Andrea Bocelli has gotten some flack for his attempt to bring Classical music into the pop market, but I consider him a positive force in the business and in culture in general. Most of the people who go after him are really trying on some level to keep Classical music a niche market so they can use it as a status symbol, so their opinions are suspect at best.
More than anything else, Bocelli reminds me of a singing Liberace…minus the flamboyant image, of course. But like Liberace, he repackages Classical music into a form that is easily digestible for the general public, and like Liberace he has received a great deal of undeserved scorn in spite of being, by all ordinary standards, an exceptionally gifted musician. And yes, Bocelli isn’t Pavarotti or Domingo, just as Liberace wasn’t Glenn Gould, but it hardly seems fair (or intellectually honest) to make that comparison when you remember that the vast majority of other legit opera singers aren’t remotely on the level of those giants either.
That said, there are times when Bocelli’s willingness to accommodate his mainstream audiences can get a bit excessive, and this album is arguably one of those times. Even many of his fans complained about his singing tired Christmas novelty standards in what seemed like an attempt to pander to the mainstream market, instead of seeking out more esoteric and interesting choices. Granted, this is generally the standard strategy followed by popular singers who record Christmas albums, but given the rich vein of Classical and Semiclassical Christmas music Bocelli had to draw on, the song selection should have been more interesting than it is here.
There are a fair number of legitimate classical hymns performed here, such as “Angels We Have Heard On High”, “Adestes Fideles”, and “Silent Night”, and they certainly show off Bocelli’s voice nicely, but even they seem a little too obvious…Bocelli should arguably have chosen more items like “Caru Geso Bambino”, a lovely Italian Christmas hymn not much known in the U.S., for this album, instead of going almost entirely with the overexposed Christmas chestnuts.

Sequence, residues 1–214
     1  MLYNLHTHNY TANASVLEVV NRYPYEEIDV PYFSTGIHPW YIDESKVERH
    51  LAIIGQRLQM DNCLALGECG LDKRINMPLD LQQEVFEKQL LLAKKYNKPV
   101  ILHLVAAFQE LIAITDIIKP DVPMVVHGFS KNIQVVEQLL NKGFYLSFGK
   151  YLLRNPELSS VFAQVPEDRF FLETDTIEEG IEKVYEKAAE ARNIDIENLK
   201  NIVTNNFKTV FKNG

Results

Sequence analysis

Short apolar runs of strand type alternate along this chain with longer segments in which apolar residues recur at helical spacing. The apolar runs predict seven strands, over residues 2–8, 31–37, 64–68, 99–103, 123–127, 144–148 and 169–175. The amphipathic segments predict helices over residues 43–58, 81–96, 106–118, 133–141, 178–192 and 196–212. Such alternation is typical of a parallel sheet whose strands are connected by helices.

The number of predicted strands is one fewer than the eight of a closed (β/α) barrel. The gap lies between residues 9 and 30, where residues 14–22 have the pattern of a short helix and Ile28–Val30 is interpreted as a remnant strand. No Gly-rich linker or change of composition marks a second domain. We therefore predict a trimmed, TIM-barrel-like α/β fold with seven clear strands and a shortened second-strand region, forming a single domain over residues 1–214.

The lead single from this album, a rendition of Irving Berlin’s “White Christmas”, isn’t the worst performance of this overexposed classic I’ve heard, but the switch from English to Italian mid-song seems gimmicky and distracting. And items like “Jingle Bells” (taken from the album’s accompanying TV special, where he performed it with the Muppets) or “Santa Claus Is Coming To Town” are simply unworthy of Bocelli’s talent. To his credit, he tries to treat them with the respect he gives to the rest of his material, but this kind of material neither deserves nor rewards that kind of respect, so the results just sound like an oversung embarrassment.
On top of that, there are three duets here with singers from entirely different genres…a jazzy “The Christmas Song” with Natalie Cole, a heavily Pop-flavored “What Child Is This?” with Mary J. Blige, and a Country-style “Blue Christmas” with Reba McEntire…and none of them is entirely successful. Bocelli’s attempts to modulate his sound to fit these different genres just sound awkward and tentative, like even he knew this was a bad idea, and he pairs badly with Blige’s bluesy Soul contralto and McEntire’s Country twang.
But there are a few glorious moments that justify this album’s existence. “The Lord’s Prayer”, performed with the Mormon Tabernacle Choir, is magnificent, with Bocelli performing with incredible feeling and the legendary choir providing a suitably epic and weighty backdrop. This album also features the first studio recording of Bocelli singing “I Believe”, which he reportedly performed for the Pope at one point and which has become one of his signature items. And “God Bless Us Everyone”, the theme song from the 2009 film version of A Christmas Carol, is an absolutely amazing song that makes for a powerfully inspirational and gloriously satisfying album closer.
Overall, there are much better Bocelli recordings out there if you’re just starting to explore his work. This particular album tends to emphasize his worst habits, and he’s usually much more respectable than this. That said, this album does definitely have its moments, and while it doesn’t make for a very good first impression of Bocelli, it’s worth picking up somewhere along the way, if only just for “I Believe”, “God Bless Us Everyone”, and “The Lord’s Prayer”.